Tobacco consumption and antidepressant use are associated with the rate of completed suicide in Hungary: An ecological study

Péter Döme, Balázs Kapitány, Györgyi Ignits, Lajos Porkoláb, Zoltán Rihmer

Research output: Article

26 Citations (Scopus)

Abstract

The suicide rate of Hungary is the highest in the world averaged over the last century but it has shown a very pronounced decrease since 1987. To explore the background of this decrease we investigated the associations between some known suicide-related factors (i.e. tobacco use, antidepressant use and alcohol consumption at the population level) and the suicide rate between 1985 and 2008. The total number of man-hours worked per year by psychiatrists in the outpatient service system and real GDP growth were also monitored in our study. A time series analysis model was constructed to investigate the associations between the above variables and the suicide rate. In the unadjusted model annual tobacco consumption was significantly associated with the suicide rate in a positive manner, while antidepressant use and man-hours were significantly associated with the suicide rate in a negative manner. After adjustment, the associations remained significant only for tobacco consumption and antidepressant use. Neither alcohol consumption nor real GDP growth was associated with the suicide rate in any models. Our results from group-level data confirmed the role of smoking in suicidal behavior previously suggested mainly by studies using individual-level data and also corroborated the results of previous ecological studies concerning the inverse association between antidepressant use and suicide rate. These findings and the results of previous studies - investigating the relationship between smoking and the risk of suicidal behavior at the individual-level - may suggest that programs to prevent tobacco use or to address the widespread recognition and treatment of depression may also prevent suicidality.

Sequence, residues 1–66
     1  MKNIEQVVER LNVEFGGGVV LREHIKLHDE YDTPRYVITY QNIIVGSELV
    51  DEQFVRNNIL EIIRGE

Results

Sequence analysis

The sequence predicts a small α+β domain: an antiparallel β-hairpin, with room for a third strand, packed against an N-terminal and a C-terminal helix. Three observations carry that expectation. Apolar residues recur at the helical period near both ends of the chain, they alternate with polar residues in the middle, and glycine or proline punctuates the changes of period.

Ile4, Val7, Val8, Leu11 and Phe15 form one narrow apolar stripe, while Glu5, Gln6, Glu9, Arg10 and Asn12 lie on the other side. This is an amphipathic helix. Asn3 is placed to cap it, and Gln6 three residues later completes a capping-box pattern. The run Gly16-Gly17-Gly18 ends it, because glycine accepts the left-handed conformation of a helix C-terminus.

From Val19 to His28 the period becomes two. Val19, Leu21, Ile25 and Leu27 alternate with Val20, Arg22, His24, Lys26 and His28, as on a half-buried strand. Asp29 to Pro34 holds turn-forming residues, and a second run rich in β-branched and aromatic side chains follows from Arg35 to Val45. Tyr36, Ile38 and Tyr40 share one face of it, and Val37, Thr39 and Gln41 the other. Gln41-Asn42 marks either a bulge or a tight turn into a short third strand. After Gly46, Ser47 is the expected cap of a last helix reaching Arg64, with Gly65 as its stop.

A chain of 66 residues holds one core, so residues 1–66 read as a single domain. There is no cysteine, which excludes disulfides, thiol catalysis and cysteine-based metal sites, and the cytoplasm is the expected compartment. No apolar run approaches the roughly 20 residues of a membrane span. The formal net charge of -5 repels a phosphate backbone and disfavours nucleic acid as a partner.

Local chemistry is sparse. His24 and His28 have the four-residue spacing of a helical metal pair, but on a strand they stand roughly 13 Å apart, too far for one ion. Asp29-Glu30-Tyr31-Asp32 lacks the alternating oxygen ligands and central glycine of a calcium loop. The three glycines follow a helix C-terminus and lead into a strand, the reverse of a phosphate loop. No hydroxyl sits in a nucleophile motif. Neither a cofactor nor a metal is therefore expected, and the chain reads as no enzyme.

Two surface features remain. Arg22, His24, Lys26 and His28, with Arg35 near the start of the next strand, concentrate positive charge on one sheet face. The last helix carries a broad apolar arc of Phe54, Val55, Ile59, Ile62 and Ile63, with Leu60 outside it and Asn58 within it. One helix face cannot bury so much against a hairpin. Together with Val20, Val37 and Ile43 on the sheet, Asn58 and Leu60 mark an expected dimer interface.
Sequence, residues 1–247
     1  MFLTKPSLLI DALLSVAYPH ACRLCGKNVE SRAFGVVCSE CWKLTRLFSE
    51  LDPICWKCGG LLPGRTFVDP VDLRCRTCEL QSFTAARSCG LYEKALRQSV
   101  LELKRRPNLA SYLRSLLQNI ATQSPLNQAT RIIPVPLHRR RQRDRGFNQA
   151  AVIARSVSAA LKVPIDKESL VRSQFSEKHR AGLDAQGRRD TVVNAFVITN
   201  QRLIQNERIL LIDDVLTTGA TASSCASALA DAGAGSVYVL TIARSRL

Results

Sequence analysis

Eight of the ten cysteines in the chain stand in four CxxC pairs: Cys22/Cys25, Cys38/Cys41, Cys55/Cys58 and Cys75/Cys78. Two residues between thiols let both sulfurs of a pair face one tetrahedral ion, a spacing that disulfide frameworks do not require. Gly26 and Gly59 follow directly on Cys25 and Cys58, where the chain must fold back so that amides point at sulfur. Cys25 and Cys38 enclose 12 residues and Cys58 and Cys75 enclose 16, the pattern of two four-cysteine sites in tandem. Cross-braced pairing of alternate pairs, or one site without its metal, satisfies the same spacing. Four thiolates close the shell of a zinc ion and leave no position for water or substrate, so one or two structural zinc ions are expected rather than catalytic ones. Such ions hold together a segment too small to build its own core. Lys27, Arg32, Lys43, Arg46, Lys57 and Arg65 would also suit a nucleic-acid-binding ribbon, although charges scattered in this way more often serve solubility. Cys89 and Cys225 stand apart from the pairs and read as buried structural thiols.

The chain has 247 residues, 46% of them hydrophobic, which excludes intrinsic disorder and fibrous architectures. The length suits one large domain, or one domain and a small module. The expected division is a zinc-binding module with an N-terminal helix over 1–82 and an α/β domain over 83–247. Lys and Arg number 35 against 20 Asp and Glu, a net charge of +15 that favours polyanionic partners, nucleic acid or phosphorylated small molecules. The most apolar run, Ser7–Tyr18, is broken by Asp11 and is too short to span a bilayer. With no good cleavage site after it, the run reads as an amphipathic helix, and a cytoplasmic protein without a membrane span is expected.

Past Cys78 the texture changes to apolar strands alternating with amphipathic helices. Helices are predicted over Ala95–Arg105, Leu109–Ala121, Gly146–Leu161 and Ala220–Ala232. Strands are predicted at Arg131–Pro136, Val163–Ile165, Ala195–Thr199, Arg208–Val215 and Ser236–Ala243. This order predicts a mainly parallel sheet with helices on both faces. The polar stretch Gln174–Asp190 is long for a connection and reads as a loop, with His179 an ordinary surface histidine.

Original languageEnglish
Pages (from-to)488-494
Number of pages7
JournalJournal of Psychiatric Research
Volume45
Issue number4
DOIs
Publication statusPublished - ápr. 2011

ASJC Scopus subject areas

  • Psychiatry and Mental health
  • Biological Psychiatry

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